Unlike roses, which chug Miracle-Gro as if it were water, perennials don’t need a whole lot of extra fertilizer. In fact, if you give them too much fertilizer, perennials get leggy and tend to flop. Or, your perennials become particularly juicy from too much nitrogen in their fertilizer, they get attacked by various diseases and insects. Or, the perennials might end up being more interested in producing leaves than blossoms.
Now, a moderate amount of fertilizer is perfectly fine. A good time to throw down granular fertilizer is in early spring, when the new growth is pushing up. And it’s also fine to give the perennials some Miracle-Gro in late spring as they get all geared up for summer. A slow-release fertilizer, broadcast around the plants, should last for three to six months, depending on brand and quality.
Now, some perennials will need a little more fertilizing. Daylilies, peonies, chrysanthemums, and phlox like a spring and a summer feeding. Also, delphiniums, daisies, and lungwort (Pulmonaria) will be happy to get a little Miracle-Gro in mid-season.
But the very best thing that you can do for your perennials (and your soil) is to add compost.
I used to wonder what the big deal about compost was. I’d look at the numbers on a bag of compost. Usually they’re something super-low, like 1-3-1. (These numbers show the amount of the three main elements that the bag of compost has – that is, 1% Nitrogen, 3% Phosphorus, 1% Potassium. NPK, if you use the chemical symbols.) The amount of NPK in, say Miracle-Gro, is usually something like 30-30-30. That’s a lot! And yet many plant people urge you to use compost on the soil. Why is that?
It’s because compost is full of humus, which builds the soil like no man-made fertilizer can do.
Soil works best when it’s a living organism. That sounds like weird stuff, but hear me out. The best soil, whether it’s sandy, silty, clay, or loam, always consists of several things. It contains a good amount of organic material. The organic material provides food for the organisms that live in the soil – an untold number of arthropods (insects and other critters), bacteria, protozoa, worms, nematodes, etc etc. When you have a flourishing ecosystem underground, they make the area great for plant roots. Some of these creatures help break down organic materials into bits small enough for plant roots to absorb. Some soil organisms, actually increases the reach of plant roots so they can pull more nutrients and chemicals and elements out of the soil, which makes them healthier.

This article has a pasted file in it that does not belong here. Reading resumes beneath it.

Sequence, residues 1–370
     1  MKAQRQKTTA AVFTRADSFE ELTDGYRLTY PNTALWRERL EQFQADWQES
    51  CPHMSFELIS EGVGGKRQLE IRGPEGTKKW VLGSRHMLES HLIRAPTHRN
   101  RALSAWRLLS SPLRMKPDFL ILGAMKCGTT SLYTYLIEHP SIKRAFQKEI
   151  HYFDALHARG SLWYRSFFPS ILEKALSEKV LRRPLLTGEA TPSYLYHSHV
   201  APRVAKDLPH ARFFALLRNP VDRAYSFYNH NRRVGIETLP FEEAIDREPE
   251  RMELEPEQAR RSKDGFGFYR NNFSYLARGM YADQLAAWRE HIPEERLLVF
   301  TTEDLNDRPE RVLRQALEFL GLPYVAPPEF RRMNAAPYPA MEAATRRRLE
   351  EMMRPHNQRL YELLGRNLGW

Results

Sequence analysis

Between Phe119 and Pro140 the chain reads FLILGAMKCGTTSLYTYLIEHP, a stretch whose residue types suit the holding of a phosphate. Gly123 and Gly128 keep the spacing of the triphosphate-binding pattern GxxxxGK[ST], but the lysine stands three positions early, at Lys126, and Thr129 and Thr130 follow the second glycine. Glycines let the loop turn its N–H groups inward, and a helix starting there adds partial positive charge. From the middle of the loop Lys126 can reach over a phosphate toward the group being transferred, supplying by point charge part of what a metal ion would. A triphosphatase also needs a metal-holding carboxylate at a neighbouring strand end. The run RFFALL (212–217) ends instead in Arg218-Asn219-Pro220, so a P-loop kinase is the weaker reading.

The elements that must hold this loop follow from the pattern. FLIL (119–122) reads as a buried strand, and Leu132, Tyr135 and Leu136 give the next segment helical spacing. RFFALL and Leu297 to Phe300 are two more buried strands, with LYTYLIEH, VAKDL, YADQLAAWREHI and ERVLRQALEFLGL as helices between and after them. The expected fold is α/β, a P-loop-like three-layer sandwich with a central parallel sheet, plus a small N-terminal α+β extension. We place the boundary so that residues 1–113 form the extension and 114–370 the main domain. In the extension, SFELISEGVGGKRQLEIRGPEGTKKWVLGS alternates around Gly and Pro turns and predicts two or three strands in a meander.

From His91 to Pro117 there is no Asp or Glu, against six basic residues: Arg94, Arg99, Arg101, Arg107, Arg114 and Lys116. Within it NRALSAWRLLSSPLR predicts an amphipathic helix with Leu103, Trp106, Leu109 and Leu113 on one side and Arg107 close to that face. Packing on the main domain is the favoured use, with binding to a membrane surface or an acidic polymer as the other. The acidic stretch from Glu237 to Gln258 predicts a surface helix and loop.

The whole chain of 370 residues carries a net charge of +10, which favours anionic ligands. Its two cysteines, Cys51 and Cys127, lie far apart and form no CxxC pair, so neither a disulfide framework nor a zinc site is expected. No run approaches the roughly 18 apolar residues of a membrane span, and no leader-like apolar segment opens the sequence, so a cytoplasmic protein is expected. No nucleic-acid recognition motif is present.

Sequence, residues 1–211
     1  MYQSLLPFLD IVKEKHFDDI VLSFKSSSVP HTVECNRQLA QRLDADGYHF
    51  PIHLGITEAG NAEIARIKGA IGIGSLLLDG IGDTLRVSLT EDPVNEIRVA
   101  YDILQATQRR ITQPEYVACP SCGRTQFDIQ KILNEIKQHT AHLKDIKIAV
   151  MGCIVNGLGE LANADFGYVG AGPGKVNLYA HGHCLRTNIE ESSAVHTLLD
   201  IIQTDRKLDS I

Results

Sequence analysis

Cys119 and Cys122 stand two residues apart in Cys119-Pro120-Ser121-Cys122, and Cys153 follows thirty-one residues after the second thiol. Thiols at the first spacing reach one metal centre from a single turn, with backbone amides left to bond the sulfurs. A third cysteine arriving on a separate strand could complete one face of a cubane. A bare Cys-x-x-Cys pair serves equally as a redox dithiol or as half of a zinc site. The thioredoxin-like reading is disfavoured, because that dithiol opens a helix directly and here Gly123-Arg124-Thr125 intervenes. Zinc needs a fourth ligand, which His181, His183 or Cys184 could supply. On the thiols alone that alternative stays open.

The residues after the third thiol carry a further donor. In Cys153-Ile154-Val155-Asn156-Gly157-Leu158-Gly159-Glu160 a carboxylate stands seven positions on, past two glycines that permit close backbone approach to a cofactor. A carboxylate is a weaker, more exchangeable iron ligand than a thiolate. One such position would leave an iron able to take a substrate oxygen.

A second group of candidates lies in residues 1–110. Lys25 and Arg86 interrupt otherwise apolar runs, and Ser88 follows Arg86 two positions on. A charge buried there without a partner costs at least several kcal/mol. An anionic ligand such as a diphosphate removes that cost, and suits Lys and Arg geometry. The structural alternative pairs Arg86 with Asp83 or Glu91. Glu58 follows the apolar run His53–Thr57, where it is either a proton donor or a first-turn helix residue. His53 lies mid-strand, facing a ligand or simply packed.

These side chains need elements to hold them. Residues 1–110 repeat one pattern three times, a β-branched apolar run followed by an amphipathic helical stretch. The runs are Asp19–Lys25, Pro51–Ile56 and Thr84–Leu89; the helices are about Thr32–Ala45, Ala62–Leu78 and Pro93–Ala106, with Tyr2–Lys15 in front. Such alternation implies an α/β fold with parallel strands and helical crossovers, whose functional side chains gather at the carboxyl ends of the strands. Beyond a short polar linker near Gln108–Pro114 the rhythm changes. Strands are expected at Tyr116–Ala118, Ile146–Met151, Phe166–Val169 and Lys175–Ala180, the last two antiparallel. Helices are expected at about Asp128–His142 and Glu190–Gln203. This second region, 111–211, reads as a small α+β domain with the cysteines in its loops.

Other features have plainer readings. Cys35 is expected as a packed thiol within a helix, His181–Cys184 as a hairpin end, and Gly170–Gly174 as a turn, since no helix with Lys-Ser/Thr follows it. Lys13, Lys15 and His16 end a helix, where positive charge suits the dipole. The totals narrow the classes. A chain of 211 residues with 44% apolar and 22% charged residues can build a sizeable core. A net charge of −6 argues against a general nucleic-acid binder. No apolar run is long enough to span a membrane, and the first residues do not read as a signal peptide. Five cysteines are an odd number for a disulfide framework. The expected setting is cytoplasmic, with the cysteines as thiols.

Organic material is the bedrock, so to speak, of good soil function. But if you don’t replenish the organic material in the soil, eventually, the creatures of the soil cannot find any more to eat. They die, becoming organic material themselves. But in each generation that dies off, they leave less and less of themselves in the soil, until they’re gone for good. And without organic material and busy soil organisms to keep the soil alive, the soil becomes this pallid, dusty place. The soil also becomes very hard to work, hard to break, and when you do break it up, it has no cohesion. Plants will grow in this soil, but they won’t thrive.
Leafmold – that is, decaying or chopped-up leaves – is also a very good soil amendment. If you have a mulching mower, empty a bunch of bags of leaves out and run the mower over them again and again until they’re chopped up. Use this as a mulch on your perennials. If you’re worried about the leaves blowing around, then cover the leaves with a mulch of wood chips. The leafmold will slowly decay under the wood chips, adding many good things to your soil.
Leaves are an excellent source of nutrients. Tree roots reach deep into the soil and bring up elements that have been locked away from the surface for eons. Many of these elements end up in the leaves, which fall to the ground and become fertilizer in forests and, unfortunately, landfill fodder in lawns. Use those leaves in your garden instead of sending them to the landfill.
Here’s the kicker: If you add one inch of compost or leafmold to your garden every year, you don’t even need to fertilize. The University Extension service says so. How about that for a low-cost solution?